It was nearly dawn when Grace pulled in to the brick covered drive of her Eden. The driveway was nearly a mile long and the forest that surrounded the grounds was thick. They came across a huge stone fence with a lychgate. She beeped the horn at the gate twice and woke Henry up, who stared at the huge wrought iron gate as it swung back.

“Where are we?” he asked as he looked around at the woods.

“Eden,” Grace replied as she drove through the lychgate and stopped, waiting for it to close.

When she was sure that the gate was closed and no one had followed them inside, Grace continued up the driveway. The house came into view as they rounded a thicket of blackberry bushes. Henry’s jaw dropped as he saw Eden. The lights on the house cast an eerie glow in the fading night. It looked almost haunted.

“How the hell did you get all that stone up here?” He demanded as he took in the four towers faced with stone.

Grace laughed. “It took two years and I nearly killed my architect, but I got my Eden.”

Grace pulled through the porte-cochere and to the carriage house behind the walls of the castle that Grace had built into the woods. The Carriage house itself felt like a mini-version of the main house, with only one tower in the middle. The garages underneath made Henry think of horses in stalls instead of cars.

“How big?” Henry asked.

“The main house? Twenty-one thousand square feet in forty-nine rooms,” Grace said as she parked the car outside the garage.

“What kind of architecture is this?”

“Châteauesque, I think. I didn’t pay much attention to it in 1888 when I commissioned the house,” Grace said as she got out of the car and went around to the back to start pulling things out of the trunk.

“Who designed it?”

“Louis Kemper. He did it for a song when I agreed to forget about his contract.”

That brought Henry up short. “You forgot about the man’s contract? You wouldn’t forget about mine.”

“and I paid for it when he finally showed up. I spent twenty human years in the Arena,” Grace said quietly.

Henry nodded.

“I couldn’t forget about yours because it meant that I would have to go back into the Arena. Too many people want me dead in The Pit, Henry.”

Henry sighed. “I guess you did what you could to get me out.”

“You were only in there an equivalent to one Earth month and I only put years on to your contract. Compared to some of the others, you got off with a song,” she said as she went to the driver’s side back door and opened it. Grace pulled out her purse and left Henry to grab his things.

She was halfway to the backdoor of the house when a woman swung out, laughing. Grace dropped her things and ran for her, laughing as they came together in a tight hug. When they separated, Grace kissed the younger woman’s forehead, laughing.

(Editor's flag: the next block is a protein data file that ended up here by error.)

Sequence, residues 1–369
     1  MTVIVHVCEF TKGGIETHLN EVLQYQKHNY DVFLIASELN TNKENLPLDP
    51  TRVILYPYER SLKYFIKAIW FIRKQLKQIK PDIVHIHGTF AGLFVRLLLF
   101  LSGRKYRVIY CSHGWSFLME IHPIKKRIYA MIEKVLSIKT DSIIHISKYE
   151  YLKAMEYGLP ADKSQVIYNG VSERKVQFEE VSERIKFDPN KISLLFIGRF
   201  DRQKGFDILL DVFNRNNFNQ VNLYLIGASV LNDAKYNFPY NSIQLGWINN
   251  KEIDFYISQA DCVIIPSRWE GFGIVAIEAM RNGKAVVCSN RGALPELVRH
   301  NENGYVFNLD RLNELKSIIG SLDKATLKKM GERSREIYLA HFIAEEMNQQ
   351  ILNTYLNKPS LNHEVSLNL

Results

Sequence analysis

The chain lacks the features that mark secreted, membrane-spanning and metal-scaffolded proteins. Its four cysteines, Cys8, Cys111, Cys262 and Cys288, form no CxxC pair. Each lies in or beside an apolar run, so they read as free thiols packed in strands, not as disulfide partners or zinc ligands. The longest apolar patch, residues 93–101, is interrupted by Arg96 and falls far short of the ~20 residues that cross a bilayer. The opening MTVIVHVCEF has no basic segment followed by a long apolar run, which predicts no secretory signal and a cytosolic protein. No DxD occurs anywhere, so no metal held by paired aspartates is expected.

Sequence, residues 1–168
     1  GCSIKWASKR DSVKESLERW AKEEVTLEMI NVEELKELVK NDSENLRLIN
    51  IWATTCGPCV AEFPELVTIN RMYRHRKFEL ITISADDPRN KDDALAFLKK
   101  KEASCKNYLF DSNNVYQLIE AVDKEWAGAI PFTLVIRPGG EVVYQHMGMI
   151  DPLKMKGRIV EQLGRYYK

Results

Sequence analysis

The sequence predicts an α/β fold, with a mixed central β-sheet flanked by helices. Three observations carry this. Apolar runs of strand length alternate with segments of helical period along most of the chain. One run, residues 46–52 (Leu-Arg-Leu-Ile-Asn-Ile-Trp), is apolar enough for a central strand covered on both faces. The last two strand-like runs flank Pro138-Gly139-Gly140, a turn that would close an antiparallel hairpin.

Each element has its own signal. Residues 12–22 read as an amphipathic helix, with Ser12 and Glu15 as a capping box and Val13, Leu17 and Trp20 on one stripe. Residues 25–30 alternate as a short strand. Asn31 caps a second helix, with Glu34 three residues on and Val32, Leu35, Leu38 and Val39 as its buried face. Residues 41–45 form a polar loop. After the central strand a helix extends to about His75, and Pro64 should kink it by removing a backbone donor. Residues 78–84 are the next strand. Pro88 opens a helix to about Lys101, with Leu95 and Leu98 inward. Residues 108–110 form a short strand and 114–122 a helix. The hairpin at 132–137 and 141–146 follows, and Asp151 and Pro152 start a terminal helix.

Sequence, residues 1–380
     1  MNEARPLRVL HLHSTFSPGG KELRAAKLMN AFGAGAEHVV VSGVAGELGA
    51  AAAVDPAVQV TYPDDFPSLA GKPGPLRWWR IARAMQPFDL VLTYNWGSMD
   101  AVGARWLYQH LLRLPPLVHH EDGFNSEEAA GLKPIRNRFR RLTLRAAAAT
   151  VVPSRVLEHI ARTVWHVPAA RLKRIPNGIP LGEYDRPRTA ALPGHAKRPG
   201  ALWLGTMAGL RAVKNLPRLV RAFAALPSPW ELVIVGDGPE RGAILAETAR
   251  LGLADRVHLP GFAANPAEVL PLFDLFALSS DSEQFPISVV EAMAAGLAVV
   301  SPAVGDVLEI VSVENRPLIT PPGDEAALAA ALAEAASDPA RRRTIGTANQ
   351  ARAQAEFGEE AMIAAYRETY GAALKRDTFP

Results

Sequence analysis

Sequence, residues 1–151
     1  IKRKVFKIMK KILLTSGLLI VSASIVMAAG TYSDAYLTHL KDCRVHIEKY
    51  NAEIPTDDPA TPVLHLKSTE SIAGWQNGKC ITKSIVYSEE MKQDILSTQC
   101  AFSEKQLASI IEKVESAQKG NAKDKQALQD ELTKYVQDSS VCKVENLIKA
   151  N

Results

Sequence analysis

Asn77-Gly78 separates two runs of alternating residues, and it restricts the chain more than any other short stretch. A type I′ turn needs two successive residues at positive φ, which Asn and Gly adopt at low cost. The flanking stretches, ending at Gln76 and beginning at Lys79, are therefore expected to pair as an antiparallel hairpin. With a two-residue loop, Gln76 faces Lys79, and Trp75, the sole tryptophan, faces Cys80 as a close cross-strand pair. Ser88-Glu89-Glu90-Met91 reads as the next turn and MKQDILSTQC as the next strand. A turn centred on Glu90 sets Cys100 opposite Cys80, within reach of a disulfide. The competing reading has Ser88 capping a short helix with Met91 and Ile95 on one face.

“Auntie Grace I missed you so much!” she said. “You go away entirely too often.”

“I’m sorry, my poppet. I can’t stay here all the time. Though I wish I could,” Grace said as she tugged on a black strand of the woman’s hair.

The woman sighed. “I know, I just wish you’d stay longer.”

“Well you’re in luck. I’m going to be staying at least a week this time. Possibly longer.”

The young woman cheered and hugged Grace again. Grace laughed and swung her around.

“Hey! Who’s this?!” She demanded when she let Grace go and caught sight of Henry.

“This is my latest charge and newest hunter, Henry.”

“Newest charge? Does that mean he’s contracted?”

“Yes, I’m contracted,” Henry said as he came forward.

“Henry, This is Sloane Dajani. Her family has been keeping Eden since it was built.”

“and damn proud to assist you,” Sloane said.

She tucked her hair behind her ear and adjusted her t-shirt. The woman’s distinctive Indian features combined with her grey eyes made for a striking combination as Henry eyed her over.

“You’re probably thinking what I’m doing out in the middle of the Michigan woods when I look like I belong in a Bangladesh market square,” Sloane said with a wry grin.

Henry sheepishly ducked his head and nodded. Sloane tucked her arm through Henry’s and marched him forward. Grace smiled as she picked up her things and followed.

“My family was fortunate to find Miss Grace and her home. They came in with the construction crews and when the house was completed, asked to stay on as servants,” Sloane said.

“I was taken aback because I wasn’t exactly planning on having anyone here.”

Sloane laughed. “No you weren’t, but my family has a long history of magic and when my ancestors saw what she was building in to the foundation, they were intrigued.”

“They knew I was building a sanctuary for myself and others who were orphaned by what I was being forced to do. I would bring the children who were orphaned by a contract collection back here and Sloane’s family would protect them.”

“Proud to do it, too. She eventually realized that she needed to keep us around and made my family caretakers, which was unheard of back then. An Indian family promoted above a white family!? The scandal,” Sloane said with glee dancing in her eyes.

“The white families I employed left after that and more of her relatives arrived to take their places,” Grace said as she put her bags down in the hallway and stood with Sloane and Henry. “It was an improvement. I never had to worry that her family was going to leave, because they were happy to be accepted for what they were.”

“Magic. I’m a fifth generation Healer. My brother is the warrior mage,” Sloane said.

“Your father was as magicless as a stone.” Grace said with a laugh.

Sloane laughed too. “That he was, but my mother loved the outsider. Even if he was considered beneath the family.”

“True, but he loved your mother,” Grace said, tucking Sloane in to her arm and kissing her forehead. “Okay, are the rooms ready? I’m exhausted.”

“They are, Aunt Grace. Leo helped before going back out on a job,” Sloane said as she scooped up one of Grace’s bags and started up the stairs to the top floor.

“What job?” Grace asked.